QMT Features: December 2014
Rattling boxes

A student racing team gets help with its metrology

The UPBracing Team of Paderborn University has been a regular contender on the Formula Student circuit since 2006, writes Harald Richter. The student racing team is one of the more experienced in the international constructors’ championship. But to compete with the best, some very special technology is needed.

Building a racing car is a bit like Lego, but at a much higher level. Everything is a bit more complex and a bit bigger, including the boys and girls who play with it. Anybody who ever received Lego as a present remembers the promising rattle when you shook the box. The mixture of excited anticipation and quiet self-doubt that came as you wondered whether you could really build it.

Christoph Wälter has never lost that feeling. Today, he’s not just receiving rattling boxes anymore, but entire crates of pipes, body parts, suspension components and more.

Christoph Wälter is chairman of UPBracing Team e.V., the racing team of Universität Paderborn. The team is made up of students from all faculties of the university, and they work together to design and construct a single-seater racing car for the Formula Student competition.

Formula Student has its origins in an American university competition that was founded by the SAE (Society of Automotive Engineers) in 1981. In 1998 the idea migrated across the Atlantic to Great Britain and in the years that followed, more and more international race tracks staged the constructors’ competition, one of them being the Hockenheimring. Since 2006, the Verein Deutscher Ingenieure (VDI) has been in charge of Formula Student Germany and this has opened the door to the race track for many German students.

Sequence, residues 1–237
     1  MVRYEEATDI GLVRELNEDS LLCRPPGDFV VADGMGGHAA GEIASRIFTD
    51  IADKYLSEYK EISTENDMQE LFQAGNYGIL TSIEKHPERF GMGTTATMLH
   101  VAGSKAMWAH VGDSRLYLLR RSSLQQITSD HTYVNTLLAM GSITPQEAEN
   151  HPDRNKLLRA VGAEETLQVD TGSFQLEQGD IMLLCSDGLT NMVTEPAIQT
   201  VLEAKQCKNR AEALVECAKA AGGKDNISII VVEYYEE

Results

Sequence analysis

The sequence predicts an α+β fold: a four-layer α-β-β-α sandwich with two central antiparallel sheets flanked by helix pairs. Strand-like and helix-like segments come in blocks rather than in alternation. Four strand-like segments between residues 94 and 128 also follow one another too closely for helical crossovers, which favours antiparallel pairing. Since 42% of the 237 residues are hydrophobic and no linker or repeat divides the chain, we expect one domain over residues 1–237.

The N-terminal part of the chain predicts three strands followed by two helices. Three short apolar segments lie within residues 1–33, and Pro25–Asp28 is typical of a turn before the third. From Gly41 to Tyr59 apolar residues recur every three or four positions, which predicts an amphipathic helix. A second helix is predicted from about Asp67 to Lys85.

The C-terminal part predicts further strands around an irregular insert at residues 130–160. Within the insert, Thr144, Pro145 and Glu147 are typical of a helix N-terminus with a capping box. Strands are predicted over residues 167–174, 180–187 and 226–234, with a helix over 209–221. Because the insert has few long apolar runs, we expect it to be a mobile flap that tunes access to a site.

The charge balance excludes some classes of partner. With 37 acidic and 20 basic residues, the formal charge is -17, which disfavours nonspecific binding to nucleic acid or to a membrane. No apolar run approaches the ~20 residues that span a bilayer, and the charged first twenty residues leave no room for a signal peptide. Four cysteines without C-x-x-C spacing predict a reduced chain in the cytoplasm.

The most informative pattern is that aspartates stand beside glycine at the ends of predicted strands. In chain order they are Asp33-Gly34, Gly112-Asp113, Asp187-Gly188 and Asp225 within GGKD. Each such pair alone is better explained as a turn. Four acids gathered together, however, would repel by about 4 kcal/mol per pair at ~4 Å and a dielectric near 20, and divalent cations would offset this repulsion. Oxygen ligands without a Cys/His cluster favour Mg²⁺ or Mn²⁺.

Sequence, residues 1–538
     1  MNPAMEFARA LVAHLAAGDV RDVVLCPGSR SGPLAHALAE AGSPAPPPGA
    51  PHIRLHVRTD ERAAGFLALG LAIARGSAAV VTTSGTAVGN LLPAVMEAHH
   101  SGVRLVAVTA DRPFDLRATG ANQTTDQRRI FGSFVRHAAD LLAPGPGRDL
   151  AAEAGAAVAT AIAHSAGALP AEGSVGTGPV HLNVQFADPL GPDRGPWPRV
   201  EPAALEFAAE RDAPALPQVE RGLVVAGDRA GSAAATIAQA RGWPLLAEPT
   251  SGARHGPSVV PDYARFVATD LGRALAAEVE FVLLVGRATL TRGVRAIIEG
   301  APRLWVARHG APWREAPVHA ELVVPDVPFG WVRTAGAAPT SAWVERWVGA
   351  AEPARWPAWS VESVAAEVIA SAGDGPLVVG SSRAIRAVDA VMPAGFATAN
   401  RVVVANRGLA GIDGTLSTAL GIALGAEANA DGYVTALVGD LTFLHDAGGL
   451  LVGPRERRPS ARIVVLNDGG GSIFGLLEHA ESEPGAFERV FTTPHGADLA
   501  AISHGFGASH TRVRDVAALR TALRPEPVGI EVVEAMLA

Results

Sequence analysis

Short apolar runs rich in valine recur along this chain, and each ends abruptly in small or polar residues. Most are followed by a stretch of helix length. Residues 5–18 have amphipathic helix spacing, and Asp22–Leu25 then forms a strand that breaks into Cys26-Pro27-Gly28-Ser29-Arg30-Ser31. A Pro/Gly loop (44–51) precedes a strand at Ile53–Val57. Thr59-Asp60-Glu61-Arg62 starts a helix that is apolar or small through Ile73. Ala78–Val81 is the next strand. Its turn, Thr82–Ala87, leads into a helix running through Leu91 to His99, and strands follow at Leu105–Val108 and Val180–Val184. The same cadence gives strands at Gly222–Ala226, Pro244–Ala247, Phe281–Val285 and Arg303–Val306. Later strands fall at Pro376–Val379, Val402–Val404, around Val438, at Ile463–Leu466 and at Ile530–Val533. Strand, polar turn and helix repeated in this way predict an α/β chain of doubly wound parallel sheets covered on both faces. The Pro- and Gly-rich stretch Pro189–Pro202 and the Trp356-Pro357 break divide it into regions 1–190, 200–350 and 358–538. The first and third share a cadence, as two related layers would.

The objective of the Formula Student project is to gain experience in car design and construction, and the commercial aspects of automotive engineering. To this end, the participants form a virtual production company that is focused on the development and construction of a racing car with the aim of producing a fully functional prototype.

Teams come together once or twice a year at famous race tracks throughout the world to race against each other. However, in Formula Student it is not necessarily the fastest car that wins, but the team with the best overall package of construction, racing performance, financial planning and promotional arguments.
The UPBracing Team of Universität Paderborn is one of the most experienced Formula Student racing teams in Germany, having produced their first racing car back in 2006. The team includes over 140 former and about 40 active members – and each one of them is familiar with the problem of the rattling boxes.

Building from loose parts
Says Christoph Wälter. “Of course, as a student team we don’t receive our vehicle components fully assembled as professional racing teams would. We are grateful when companies let us have some material and parts. It doesn’t matter if they come unsorted and loosely packed. The main thing is that we get what we need.”
Prime among these are the metal parts for the lattice tube frame of the planned competition vehicle. This is practically the race car’s skeleton, a hybrid chassis consisting of a steel lattice tube rear frame with a carbon fibre monocoque and a carbon fibre crash box.